Yes, we can synthesize vitamin D totally on our own, but it involves three steps in three different tissues and also requires activation by sunlight in our skin. The need for sunlight puts us at risk for both skin cancer and folate deficiency. (Because sunlight destroys folate in our skin, too much of it zaps our body of this important nutrient, especially problematic for pregnant women.) So the story of our need for vitamin D is a lethal tug-of-war between skin cancer and folate deficiency on one side and rickets or osteoporosis on the other. This is an almost purely human problem which explains the widespread deficiency in vitamin D, even in the developed world. (Read my article for a more detailed explanation why other mammals don’t have this problem.)
Next stop, vitamin B12. This is another really strange one. Most vegans are familiar with B12 because it is the one micronutrient that we simply cannot get from any plant sources. Only animal products provide vitamin B12 so vegans must supplement. B12 plays a role in some of our most basic biochemical reactions such as the synthesis of amino acids and fatty acids, which are the building blocks of proteins and lipids, respectively. This begs the question: if B12 is so important but only animal products provide it, how do the many herbivore animals survive?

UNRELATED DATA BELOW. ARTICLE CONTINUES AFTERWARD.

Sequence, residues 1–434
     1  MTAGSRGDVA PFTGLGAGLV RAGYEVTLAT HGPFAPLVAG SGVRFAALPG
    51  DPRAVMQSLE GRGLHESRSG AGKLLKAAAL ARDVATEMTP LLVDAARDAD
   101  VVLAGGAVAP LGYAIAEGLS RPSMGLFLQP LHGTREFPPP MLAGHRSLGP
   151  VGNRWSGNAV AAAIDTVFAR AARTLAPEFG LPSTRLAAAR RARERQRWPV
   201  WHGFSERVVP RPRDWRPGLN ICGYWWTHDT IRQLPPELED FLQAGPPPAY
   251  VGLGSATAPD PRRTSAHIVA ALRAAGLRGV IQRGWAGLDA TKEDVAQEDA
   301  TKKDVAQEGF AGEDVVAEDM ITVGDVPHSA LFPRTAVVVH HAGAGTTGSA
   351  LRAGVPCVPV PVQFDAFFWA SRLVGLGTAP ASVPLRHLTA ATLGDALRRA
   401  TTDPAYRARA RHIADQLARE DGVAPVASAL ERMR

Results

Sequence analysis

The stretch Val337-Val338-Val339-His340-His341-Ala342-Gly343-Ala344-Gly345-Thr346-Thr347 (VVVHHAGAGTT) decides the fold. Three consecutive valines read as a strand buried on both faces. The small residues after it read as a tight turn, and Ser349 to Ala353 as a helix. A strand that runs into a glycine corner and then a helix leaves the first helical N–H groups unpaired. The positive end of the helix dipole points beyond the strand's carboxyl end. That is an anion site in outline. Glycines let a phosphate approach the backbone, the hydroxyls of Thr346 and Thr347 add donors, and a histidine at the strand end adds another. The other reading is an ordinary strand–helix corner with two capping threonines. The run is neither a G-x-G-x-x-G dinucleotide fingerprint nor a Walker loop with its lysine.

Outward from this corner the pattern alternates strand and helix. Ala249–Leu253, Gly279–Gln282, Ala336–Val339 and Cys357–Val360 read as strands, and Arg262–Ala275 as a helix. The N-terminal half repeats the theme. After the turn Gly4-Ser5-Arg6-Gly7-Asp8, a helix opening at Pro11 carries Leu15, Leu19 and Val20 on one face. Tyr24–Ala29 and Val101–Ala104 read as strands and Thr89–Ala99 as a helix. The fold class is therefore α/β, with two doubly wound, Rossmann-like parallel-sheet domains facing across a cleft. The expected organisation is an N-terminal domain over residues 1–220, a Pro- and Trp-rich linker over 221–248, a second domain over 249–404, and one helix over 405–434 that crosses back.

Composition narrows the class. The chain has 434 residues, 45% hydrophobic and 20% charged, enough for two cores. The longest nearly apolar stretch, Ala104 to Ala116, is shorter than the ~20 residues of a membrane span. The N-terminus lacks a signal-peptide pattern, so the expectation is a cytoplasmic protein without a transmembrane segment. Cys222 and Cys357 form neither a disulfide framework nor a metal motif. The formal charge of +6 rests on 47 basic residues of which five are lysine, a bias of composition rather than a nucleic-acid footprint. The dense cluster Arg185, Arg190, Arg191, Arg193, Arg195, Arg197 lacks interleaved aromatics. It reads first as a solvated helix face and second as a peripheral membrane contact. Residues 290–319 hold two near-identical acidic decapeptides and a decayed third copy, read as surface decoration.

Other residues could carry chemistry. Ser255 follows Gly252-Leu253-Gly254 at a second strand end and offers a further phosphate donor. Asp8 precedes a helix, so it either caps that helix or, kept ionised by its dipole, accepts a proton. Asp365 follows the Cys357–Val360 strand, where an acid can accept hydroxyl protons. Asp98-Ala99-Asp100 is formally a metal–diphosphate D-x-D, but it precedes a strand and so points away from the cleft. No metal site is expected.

This is where it gets really weird. It turns out that herbivore animals harbor bacteria in their intestines that make vitamin B12 for them. All they have to do is absorb it. So why don’t we have those same bacteria? We do! So why don’t they make vitamin B12 for us? They do! But these helpful bacteria are in our large intestines and for some weird reason, we can only absorb vitamin B12 in our small intestine. This is why we still need to get it in our diet, even though we have plenty of it already in our guts. (I muse about the possible reasons for this in this article.)
Vitamins C, D, and B12 are just three micronutrients that humans, for some reason, have a tougher time getting than most other animals, but they do not stand alone. We scramble to get enough of some minerals as well, such as iron, calcium, and iodine. I devote a whole chapter of my book Human Errors to this theme. It seems to me that there are so many separate nutrients that we struggle to get enough of that there must be some kind of larger explanation. In my book, I describe one possible explanation, summarized below.